Lebanon's Hezbollah chief Nasrallah reassures supporters over his health

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A woman sits near a poster of Lebanon's Hezbollah leader Sayyed Hassan Nasrallah, during an event marking Resistance and Liberation Day, in Khiam
A woman sits near a poster of Lebanon's Hezbollah leader Sayyed Hassan Nasrallah, during an event marking Resistance and Liberation Day, in Khiam, near the border with Israel, southern Lebanon, May 25, 2021. REUTERS/Aziz Taher
  • Hezbollah chief says Iran can come to Lebanon's rescue
  • Nasrallah says all what is needed is a "courageous" decision
  • First televised speech since rumours about Nasrallah's health

BEIRUT, June 8 (Reuters) - Lebanon's Hezbollah chief Sayyed Hassan Nasrallah reassured supporters that he was well on Tuesday after coughing episodes during his last speech caused concerns about his health.

"A human being is a human being, you get sick or tired sometimes," Nasrallah said in his first televised appearance since he coughed his way through a speech on May 25, when he said he was suffering from allergies and nothing serious.

Referring to social media rumours suggesting he had a grave illness, he said: "Some people killed us off and some started looking for a successor. I reassure them."

Nasrallah has led the Iran-backed, armed Hezbollah movement for nearly three decades, turning it from one of Lebanon's many civil war militias into a group of regional influence.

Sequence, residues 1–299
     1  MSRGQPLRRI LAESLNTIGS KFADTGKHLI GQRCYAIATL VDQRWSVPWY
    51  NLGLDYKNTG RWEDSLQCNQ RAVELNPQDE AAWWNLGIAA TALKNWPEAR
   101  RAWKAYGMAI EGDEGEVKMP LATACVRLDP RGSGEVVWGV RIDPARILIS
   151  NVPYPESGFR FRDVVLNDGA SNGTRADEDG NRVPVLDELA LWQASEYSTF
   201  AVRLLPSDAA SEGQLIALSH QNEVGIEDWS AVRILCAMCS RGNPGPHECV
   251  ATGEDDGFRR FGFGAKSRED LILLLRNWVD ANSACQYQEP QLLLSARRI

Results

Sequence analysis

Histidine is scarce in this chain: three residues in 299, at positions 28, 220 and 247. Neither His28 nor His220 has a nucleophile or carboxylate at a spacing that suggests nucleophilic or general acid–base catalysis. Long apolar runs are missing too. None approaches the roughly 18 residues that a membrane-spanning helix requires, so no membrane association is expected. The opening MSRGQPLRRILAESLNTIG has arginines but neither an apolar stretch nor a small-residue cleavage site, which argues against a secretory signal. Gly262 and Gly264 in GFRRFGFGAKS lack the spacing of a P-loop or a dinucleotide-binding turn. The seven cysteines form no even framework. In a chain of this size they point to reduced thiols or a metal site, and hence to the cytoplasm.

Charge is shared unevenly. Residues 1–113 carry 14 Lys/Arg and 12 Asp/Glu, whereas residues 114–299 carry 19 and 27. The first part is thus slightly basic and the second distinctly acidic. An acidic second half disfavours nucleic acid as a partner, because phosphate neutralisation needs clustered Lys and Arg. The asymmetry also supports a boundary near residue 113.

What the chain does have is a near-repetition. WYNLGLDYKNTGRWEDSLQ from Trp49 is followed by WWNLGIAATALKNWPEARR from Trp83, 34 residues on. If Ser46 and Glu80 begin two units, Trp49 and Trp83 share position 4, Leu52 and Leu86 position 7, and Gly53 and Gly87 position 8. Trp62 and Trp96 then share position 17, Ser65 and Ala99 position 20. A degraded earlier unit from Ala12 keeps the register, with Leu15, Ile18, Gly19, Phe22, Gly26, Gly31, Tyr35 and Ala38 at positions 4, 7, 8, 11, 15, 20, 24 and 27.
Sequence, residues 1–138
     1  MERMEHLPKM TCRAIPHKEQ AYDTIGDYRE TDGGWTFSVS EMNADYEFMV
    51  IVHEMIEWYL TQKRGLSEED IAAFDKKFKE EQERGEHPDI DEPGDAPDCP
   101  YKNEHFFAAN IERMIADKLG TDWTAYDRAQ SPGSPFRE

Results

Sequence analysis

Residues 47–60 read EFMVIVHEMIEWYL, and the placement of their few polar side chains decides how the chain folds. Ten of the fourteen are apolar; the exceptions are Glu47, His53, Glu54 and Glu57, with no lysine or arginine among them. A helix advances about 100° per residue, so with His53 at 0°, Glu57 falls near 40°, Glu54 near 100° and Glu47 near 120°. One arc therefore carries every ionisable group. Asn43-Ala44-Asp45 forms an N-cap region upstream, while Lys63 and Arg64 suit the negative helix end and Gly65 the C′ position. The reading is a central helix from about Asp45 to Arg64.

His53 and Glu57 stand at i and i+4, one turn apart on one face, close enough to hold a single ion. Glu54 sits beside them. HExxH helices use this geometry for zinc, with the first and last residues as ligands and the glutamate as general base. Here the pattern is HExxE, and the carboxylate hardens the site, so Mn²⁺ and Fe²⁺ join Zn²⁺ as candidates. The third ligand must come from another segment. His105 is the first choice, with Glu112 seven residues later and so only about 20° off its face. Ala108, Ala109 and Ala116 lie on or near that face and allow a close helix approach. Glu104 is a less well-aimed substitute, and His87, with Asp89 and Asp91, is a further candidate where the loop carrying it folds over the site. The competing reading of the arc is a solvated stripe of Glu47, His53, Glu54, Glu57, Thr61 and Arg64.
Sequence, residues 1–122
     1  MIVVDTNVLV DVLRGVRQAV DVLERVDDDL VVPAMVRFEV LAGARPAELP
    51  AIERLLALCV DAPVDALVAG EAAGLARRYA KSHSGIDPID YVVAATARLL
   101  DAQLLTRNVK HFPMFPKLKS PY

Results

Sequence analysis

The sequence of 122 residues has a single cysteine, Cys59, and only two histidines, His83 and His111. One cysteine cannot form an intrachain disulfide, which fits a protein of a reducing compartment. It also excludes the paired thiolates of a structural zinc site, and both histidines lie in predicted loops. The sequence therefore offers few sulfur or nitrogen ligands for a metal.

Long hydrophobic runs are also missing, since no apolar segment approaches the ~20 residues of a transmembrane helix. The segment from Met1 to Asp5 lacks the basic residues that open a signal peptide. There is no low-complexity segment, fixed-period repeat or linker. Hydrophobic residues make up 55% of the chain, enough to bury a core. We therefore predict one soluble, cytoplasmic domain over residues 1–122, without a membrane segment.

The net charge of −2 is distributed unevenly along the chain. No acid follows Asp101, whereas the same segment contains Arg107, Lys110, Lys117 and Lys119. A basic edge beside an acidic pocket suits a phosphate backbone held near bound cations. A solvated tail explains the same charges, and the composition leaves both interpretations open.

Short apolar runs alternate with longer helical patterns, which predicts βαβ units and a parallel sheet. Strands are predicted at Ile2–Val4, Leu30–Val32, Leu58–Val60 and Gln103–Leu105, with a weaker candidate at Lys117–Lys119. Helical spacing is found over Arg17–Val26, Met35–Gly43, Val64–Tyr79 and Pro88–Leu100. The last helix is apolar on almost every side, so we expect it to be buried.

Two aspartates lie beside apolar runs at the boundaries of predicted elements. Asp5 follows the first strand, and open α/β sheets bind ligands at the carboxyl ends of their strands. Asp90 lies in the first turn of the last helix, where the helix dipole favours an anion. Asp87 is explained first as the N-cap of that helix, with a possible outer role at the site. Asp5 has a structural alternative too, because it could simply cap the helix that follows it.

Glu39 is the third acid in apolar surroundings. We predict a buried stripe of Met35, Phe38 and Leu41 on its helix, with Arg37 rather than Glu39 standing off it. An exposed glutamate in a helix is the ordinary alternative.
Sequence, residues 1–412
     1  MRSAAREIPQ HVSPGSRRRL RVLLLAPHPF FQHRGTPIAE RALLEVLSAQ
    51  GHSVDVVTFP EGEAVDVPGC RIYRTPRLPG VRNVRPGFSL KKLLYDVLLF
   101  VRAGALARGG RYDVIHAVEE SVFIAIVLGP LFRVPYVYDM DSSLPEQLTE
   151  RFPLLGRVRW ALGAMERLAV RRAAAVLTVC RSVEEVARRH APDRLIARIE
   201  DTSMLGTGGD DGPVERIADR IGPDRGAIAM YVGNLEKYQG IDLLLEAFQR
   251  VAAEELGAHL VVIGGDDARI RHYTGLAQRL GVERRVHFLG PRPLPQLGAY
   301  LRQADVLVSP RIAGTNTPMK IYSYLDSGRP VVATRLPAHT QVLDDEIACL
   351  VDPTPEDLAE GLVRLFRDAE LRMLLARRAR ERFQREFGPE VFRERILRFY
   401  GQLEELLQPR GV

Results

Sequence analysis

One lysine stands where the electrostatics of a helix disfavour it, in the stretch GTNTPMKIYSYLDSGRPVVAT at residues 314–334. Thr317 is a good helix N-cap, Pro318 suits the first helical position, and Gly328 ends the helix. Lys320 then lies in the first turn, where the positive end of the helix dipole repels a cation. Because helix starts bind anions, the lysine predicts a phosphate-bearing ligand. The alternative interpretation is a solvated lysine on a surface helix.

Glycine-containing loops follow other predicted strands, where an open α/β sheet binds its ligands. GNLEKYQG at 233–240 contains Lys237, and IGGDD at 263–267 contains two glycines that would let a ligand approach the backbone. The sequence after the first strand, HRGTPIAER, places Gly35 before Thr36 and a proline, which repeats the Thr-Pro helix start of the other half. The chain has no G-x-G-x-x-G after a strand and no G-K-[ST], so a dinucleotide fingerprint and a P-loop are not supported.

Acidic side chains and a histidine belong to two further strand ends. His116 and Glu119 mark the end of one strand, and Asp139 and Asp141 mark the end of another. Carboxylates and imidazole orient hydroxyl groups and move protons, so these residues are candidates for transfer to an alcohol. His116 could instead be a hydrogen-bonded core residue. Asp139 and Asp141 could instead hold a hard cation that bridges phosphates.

"There are some people who expressed their love and distributed bread and salt and wrote and called and I reassure these," Nasrallah said. "I cherish their love and thank (them) all."

Nasrallah made his comments while delivering a speech on Lebanon's financial crisis and political deadlock.

He urged politicians to urgently form a new cabinet and said, without providing details, that Iran could alleviate his country's economic problems if a "courageous" decision was taken.

Lebanon's financial meltdown is escalating, with shortages of basic items such as food, fuel and medication worsening amidst political deadlock.

"We, Hezbollah, can go to Iran and negotiate with the Iranian government and buy shipments of fuel," Nasrallah said.

The purchases, he said, would be made in Lebanese pounds and would not require long waits for the central bank to approve dollar allocations.

"These scenes of humiliation, people should not bear," he said referring to long fuel lines in recent weeks.

Lebanon's financial situation is complicated by the political deadlock as prime minister-designate Saad al-Hariri and President Michel Aoun squabble over naming ministers. Aoun is an ally of Hezbollah.

A new cabinet is needed to enact reforms that could unlock foreign aid.

"Those responsible for government formation need to listen to people's voices and look with pain at the cars queueing up for fuel and the loss of electricity and medication," Nasrallah said.

Reporting By Maha El Dahan and Laila Bassam; Editing by Alex Richardson

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